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Mol Syndromol. 2012 Aug;3(2):59-67. Epub 2012 Jul 25.

Applying Genomic Analysis to Newborn Screening.

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  • 1Medical Genetics Branch, National Human Genome Research Institute, National Institutes of Health, Bethesda, Md., USA.

Abstract

Large-scale genomic analysis such as whole-exome and whole-genome sequencing is becoming increasingly prevalent in the research arena. Clinically, many potential uses of this technology have been proposed. One such application is the extension or augmentation of newborn screening. In order to explore this application, we examined data from 3 children with normal newborn screens who underwent whole-exome sequencing as part of research participation. We analyzed sequence information for 151 selected genes associated with conditions ascertained by newborn screening. We compared findings with publicly available databases and results from over 500 individuals who underwent whole-exome sequencing at the same facility. Novel variants were confirmed through bidirectional dideoxynucleotide sequencing. High-density microarrays (Illumina Omni1-Quad) were also performed to detect potential copy number variations affecting these genes. We detected an average of 87 genetic variants per individual. After excluding artifacts, 96% of the variants were found to be reported in public databases and have no evidence of pathogenicity. No variants were identified that would predict disease in the tested individuals, which is in accordance with their normal newborn screens. However, we identified 6 previously reported variants and 2 novel variants that, according to published literature, could result in affected offspring if the reproductive partner were also a mutation carrier; other specific molecular findings highlight additional means by which genomic testing could augment newborn screening.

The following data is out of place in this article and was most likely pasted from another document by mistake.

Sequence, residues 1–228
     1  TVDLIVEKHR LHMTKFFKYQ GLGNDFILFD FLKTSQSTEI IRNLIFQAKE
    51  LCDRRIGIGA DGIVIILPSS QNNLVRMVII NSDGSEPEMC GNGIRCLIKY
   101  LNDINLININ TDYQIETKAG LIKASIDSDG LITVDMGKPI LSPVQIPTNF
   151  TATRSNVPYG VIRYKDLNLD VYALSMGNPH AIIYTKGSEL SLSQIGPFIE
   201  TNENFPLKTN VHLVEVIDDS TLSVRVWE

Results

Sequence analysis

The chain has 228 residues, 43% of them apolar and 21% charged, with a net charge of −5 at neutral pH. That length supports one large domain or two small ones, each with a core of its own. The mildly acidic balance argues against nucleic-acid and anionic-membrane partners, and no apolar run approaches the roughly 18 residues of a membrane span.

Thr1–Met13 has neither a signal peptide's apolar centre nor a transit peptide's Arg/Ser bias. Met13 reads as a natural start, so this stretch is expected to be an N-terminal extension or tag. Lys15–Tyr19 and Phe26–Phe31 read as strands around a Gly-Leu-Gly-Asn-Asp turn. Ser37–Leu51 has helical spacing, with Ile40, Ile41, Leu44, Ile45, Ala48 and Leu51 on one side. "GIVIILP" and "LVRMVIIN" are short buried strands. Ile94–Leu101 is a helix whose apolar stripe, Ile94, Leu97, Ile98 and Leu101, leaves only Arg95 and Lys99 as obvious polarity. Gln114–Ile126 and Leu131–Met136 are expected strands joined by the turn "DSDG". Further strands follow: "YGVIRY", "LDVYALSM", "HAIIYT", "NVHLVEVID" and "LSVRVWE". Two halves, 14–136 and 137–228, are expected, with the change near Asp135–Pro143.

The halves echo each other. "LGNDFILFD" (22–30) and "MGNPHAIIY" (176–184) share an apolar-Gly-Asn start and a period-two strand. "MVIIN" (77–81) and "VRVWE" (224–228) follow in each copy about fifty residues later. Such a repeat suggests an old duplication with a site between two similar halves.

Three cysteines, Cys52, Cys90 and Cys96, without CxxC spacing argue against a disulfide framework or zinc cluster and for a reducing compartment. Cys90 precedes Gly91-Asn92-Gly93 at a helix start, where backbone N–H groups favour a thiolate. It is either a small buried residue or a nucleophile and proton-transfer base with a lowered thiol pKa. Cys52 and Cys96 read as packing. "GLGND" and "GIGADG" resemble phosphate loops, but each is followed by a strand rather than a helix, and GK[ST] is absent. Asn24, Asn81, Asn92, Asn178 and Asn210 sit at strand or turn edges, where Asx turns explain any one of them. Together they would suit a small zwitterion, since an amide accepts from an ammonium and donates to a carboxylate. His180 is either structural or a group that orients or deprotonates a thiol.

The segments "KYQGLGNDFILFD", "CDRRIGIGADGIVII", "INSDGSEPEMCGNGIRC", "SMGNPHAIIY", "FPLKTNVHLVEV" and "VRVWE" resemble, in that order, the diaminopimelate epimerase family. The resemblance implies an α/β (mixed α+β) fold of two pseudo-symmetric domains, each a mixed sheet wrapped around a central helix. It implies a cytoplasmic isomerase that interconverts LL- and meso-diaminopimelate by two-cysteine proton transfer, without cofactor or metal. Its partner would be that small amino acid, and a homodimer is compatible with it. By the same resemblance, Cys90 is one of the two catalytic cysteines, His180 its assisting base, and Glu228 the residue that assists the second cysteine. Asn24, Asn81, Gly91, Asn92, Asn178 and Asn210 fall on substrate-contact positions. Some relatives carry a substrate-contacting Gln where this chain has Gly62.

PMID:
23112750
[PubMed]
PMCID:
PMC3473346
Free PMC Article

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